I’ve mentioned previously that I do like reading the novels of Emile Zola. This will be the fifth one I’ve read (not counting re-reads) and is, I think, one of his best known. However, because I can’t read French I have had to pick up a translation and the title has got me all confused. The novel I’m reading is La Bête Humaine, which my (Penguin) edition has translated as The Beast Within. This is entirely acceptable, and I’m sure there is no problem with it. It’s just that to me, the title translates as The Human Beast which, in the context of the story, seems to make more sense.
The crux of the story (about which I will probably write more later) is that of murder on the railways, and in particular, the mind of a murderer; but I would also like to explore other characters and their mindsets because I think it illustrates (my translation of) the title really very well.
Roubaud, a stationmaster, kills the man who molested his wife when she was younger in a fit of jealous rage. I’m not sure, actually, that it is jealousy – perhaps righteous anger, but still – and realising that he has means, motive and opportunity, arranges the murder. The victim, Galincourt, a wealthy company director and senior lawyer, is a well-known sexual predator whose crimes have effectively been covered up as a result of his position. Don’t be surprised if this sounds HORRIBLY familiar, because it did to me too. Unfortunately for Roubaud, the murder is witnessed by Jacques Lantier, a young engine driver who suffers from homicidal delusions and had just tried to rape and murder his godmother’s daughter (whose sister was raped and murdered by Galincourt).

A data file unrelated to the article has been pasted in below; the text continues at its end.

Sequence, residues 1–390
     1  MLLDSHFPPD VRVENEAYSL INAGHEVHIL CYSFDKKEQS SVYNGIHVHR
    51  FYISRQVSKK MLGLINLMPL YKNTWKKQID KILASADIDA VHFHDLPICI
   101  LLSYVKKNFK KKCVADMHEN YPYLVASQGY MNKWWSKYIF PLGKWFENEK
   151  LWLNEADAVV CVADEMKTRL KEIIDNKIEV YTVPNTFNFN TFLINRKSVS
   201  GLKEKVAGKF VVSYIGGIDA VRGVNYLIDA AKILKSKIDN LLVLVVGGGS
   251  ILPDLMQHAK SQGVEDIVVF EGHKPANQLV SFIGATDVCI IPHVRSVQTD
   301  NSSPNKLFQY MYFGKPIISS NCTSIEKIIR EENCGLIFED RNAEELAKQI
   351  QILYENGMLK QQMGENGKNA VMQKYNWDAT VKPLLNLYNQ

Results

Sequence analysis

Traditionally, it is Lantier who is considered the Beast of the title, but I think there are different meanings to the word which Zola plays with. Certainly Galincourt’s behaviour is beastly, and Lantier’s fits of mania hint at a lack of rational control which at the time was considered to (to quote an old friend) “separate us from the animals”. In the fullness of time, however, we see Lantier go on to kill his mistress, then his engineer and finally himself in a plot that twists and turns like a good 19th century classic – which, of course, this is.
I’m only about halfway through at the moment, and so far only Galincourt is dead, but the senior judiciary have already conspired to ensure that the case doesn’t go to trial to protect the deceased’s reputation. Zola was well known for his assertions against the State for injustice – he was a famous supporter of the accused in the Dreyfus affair – so this is hardly surprising. What surprises me is how prescient it feels in the light of more modern examples of Galincourt’s behaviour. Naming no names, because I refuse to give them publicity.
Looking at all the characters and the behaviour they illustrate, I can’t help but think my translation of the book is the right one. I’ll let you know when I’ve finished it.